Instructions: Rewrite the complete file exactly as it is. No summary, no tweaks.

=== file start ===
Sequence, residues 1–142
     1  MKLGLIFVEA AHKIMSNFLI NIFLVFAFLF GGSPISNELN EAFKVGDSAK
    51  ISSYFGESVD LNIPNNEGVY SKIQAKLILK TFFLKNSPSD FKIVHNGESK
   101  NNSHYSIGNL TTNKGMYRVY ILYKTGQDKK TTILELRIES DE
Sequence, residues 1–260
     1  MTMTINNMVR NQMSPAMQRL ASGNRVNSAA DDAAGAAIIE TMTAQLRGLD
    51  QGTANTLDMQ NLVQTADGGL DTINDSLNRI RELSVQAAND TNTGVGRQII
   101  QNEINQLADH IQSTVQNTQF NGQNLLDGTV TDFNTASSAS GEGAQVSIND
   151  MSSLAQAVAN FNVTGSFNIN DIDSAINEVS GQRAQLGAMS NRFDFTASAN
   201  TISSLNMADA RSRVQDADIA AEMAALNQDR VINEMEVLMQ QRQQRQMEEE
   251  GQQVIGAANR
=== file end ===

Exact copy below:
Sequence, residues 1–142
     1  MKLGLIFVEA AHKIMSNFLI NIFLVFAFLF GGSPISNELN EAFKVGDSAK
    51  ISSYFGESVD LNIPNNEGVY SKIQAKLILK TFFLKNSPSD FKIVHNGESK
   101  NNSHYSIGNL TTNKGMYRVY ILYKTGQDKK TTILELRIES DE
Sequence, residues 1–260
     1  MTMTINNMVR NQMSPAMQRL ASGNRVNSAA DDAAGAAIIE TMTAQLRGLD
    51  QGTANTLDMQ NLVQTADGGL DTINDSLNRI RELSVQAAND TNTGVGRQII
   101  QNEINQLADH IQSTVQNTQF NGQNLLDGTV TDFNTASSAS GEGAQVSIND
   151  MSSLAQAVAN FNVTGSFNIN DIDSAINEVS GQRAQLGAMS NRFDFTASAN
   201  TISSLNMADA RSRVQDADIA AEMAALNQDR VINEMEVLMQ QRQQRQMEEE
   251  GQQVIGAANR